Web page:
Google - they use all the above tech in addition to personal search history, geo location, and lots of machine learning to create an index that provides great search functionality. While this is great for general web search, it doesn’t work well for our clients for several reasons. First, our clients do not want us to capture search history and index their activity, possibly to the benefit of other parties. Second, a Google search doesn’t tell you what it almost found and didn’t show you. It might list an “almost’ hit but since you don’t have control over the ranking, the result you’re looking for may be on page 102 and you’ll never see it. Finally, it’s a “black box” and can’t be tailored by you as the developer or as a user. What it learns about you might work great in one search and then mislead you when you’re working a different project. For financial search, AlphaSense and Sentieo are companies using NLP technology doing link building with the primary differentiator over Google being specialization on financial documents.
IBM Watson – at NASA and other clients the comparison to Watson comes up because of their ads (Bob Dylan really?) and sales organization. In the right application, it can be optimized and taught to deliver real benefits. This quote from Wikipedia offers a great description and the differences with search (Google).
“The key difference between QA technology and document search is that document search takes a keyword query and returns a list of documents, ranked in order of relevance to the query (often based on popularity and page ranking), while QA technology takes a question expressed in natural language, seeks to understand it in much greater detail, and returns a precise answer to the question.”
However, aside from other objections, client engineers call it a “Wizard of Oz” solution, i.e. you must be prepared to accept that Watson is the genius. While Watson is better than Google in exposing some of the underlying analytics, expert users demand control over the parameters of the interface (interactive dashboards), the underlying logic and the ability to drill all the way down to the source content to verify the result. This feature is key to our architecture, the way we index the data and build our database (index). It also means that the application/UI layer is independent from the database and can be added to/changed/combined in multiple ways as the system is deployed, grows or for security. The decision to expose certain data fields, records or source data is up to the client developers for custom applications.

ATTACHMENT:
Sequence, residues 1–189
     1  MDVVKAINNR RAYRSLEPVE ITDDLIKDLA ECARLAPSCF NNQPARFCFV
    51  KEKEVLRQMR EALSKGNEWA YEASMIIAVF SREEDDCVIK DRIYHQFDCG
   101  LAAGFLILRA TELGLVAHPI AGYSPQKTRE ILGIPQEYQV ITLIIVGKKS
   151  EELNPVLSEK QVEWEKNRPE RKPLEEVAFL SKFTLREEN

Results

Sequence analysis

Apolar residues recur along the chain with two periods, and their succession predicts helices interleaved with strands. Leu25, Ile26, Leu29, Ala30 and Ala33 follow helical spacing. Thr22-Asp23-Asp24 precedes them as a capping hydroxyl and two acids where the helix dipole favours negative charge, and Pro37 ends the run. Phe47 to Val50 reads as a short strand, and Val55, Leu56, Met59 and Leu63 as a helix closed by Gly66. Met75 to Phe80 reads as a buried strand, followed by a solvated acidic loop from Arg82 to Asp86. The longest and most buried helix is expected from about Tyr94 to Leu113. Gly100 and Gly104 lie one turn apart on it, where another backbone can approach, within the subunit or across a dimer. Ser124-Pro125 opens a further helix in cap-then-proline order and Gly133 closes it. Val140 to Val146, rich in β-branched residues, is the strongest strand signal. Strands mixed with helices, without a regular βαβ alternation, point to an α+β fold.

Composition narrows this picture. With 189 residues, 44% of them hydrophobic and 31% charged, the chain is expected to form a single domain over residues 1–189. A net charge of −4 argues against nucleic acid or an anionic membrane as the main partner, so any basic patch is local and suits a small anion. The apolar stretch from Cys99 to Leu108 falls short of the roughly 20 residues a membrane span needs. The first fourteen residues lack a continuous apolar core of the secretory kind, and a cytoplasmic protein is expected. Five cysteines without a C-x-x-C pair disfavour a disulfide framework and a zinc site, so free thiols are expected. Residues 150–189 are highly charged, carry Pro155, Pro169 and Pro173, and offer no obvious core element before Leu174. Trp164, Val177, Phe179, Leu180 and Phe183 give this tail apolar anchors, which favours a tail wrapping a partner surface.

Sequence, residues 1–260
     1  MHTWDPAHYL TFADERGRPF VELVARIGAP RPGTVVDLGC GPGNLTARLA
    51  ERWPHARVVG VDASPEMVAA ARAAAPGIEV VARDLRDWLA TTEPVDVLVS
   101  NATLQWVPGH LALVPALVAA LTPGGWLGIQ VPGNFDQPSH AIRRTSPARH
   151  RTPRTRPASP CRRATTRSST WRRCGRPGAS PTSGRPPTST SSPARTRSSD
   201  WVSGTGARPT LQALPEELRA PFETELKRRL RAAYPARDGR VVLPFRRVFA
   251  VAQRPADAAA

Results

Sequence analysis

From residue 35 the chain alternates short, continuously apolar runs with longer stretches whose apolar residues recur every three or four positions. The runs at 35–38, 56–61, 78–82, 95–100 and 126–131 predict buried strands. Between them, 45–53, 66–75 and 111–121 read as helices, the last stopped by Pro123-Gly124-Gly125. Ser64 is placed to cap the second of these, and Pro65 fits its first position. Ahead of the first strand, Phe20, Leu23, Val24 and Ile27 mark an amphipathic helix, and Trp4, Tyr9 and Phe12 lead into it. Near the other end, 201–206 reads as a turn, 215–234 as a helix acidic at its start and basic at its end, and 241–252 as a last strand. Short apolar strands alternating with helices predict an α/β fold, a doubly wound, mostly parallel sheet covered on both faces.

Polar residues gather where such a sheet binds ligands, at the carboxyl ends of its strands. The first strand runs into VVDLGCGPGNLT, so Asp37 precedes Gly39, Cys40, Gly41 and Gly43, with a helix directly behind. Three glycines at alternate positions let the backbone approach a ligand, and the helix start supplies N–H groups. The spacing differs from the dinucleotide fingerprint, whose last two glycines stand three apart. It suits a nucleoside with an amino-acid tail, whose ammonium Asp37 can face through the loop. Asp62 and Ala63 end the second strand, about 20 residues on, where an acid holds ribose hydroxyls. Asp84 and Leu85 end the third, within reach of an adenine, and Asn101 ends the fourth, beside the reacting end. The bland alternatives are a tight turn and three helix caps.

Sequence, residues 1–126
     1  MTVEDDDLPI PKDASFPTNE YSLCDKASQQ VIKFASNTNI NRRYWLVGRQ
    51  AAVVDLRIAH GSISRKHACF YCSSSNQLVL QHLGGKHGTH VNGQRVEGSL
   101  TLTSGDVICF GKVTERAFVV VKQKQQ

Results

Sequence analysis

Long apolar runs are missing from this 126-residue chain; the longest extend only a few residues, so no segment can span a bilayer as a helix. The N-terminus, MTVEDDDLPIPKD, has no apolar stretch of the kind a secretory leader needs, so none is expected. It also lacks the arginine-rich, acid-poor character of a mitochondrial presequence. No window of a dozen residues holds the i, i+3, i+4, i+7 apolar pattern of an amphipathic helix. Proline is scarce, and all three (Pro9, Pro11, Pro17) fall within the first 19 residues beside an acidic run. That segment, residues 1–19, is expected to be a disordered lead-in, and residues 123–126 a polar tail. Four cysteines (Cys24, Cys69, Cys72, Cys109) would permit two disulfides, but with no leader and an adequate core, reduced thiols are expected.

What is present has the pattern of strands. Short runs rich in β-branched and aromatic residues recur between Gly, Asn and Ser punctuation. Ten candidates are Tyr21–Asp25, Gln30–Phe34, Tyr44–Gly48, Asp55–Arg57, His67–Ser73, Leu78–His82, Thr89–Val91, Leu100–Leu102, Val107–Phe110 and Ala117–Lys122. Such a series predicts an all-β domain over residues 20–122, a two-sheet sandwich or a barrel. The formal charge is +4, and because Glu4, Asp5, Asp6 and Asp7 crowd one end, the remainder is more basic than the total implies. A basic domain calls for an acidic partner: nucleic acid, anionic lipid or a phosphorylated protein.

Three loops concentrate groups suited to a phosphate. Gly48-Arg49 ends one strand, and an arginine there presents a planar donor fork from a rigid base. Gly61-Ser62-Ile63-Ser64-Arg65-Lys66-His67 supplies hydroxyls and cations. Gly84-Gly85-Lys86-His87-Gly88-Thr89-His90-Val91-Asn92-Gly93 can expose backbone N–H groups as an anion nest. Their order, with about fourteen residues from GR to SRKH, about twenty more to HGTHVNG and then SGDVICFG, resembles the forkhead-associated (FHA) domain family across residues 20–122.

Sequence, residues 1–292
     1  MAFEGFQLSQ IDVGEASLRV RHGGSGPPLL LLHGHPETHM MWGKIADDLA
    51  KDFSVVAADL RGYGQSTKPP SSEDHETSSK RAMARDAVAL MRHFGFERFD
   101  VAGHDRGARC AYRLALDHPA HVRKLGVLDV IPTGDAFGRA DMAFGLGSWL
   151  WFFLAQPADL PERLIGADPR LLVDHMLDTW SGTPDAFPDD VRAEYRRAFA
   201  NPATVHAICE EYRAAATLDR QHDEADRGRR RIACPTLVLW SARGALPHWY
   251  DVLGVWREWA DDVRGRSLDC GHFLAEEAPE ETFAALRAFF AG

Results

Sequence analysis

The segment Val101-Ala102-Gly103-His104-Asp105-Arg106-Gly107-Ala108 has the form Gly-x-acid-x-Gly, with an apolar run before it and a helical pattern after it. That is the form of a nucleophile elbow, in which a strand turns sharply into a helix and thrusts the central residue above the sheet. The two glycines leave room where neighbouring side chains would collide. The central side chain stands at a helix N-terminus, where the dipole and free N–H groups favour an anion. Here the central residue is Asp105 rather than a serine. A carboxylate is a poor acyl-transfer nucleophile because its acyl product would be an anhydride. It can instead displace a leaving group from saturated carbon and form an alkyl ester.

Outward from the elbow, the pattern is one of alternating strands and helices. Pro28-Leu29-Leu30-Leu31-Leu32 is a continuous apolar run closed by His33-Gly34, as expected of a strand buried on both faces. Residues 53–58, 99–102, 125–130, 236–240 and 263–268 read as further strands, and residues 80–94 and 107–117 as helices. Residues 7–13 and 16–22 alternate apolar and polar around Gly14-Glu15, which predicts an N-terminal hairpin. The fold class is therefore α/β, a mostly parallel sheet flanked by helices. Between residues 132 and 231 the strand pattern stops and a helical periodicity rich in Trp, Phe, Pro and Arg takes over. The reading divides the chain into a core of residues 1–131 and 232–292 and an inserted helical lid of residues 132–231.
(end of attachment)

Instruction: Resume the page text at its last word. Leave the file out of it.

In the end, software is like any other tool, pick the one(s) that do the best job for you. There are no perfect “Swiss Army knives” for research. Every search engine is perfect if you ask the right questions.
Disclaimer – none of the above companies have shared the technical details of their products with me. The above explanations are based entirely on my research without any inside information. This information is offered as a guide to help non-technical users ask questions and understand the answers.
Good Technology, Better Design, Great Database
I would add that in addition our UI/dashboards are independent of the underlying enriched database. This means the same data can be used in applications or used to enhance existing algorithms/statistical analysis. At NASA, an engineer used the output of our application and ran it through clustering algorithms and graphing programs to “see” roadmaps for wireless sensor technology. Combining the attributes we extract with other analyses can filter out noise and improve results.
An additional advantage is the flexibility of the topic agent/group/metagroups that allow multiple combinations of agents for specific tasks. An analyst can use the default groups but can also create a custom group of agents for a particular use case. If you think of the groupings of agents as clusters of concepts in your brain, you can apply them in different combinations depending on the task/context in front of you. The tool lets you create your own context and doesn’t force you to adapt to a rigid taxonomic structure. We believe this is critical when you are working to find insight and patterns hidden in plain sight that could drive a winning trading strategy.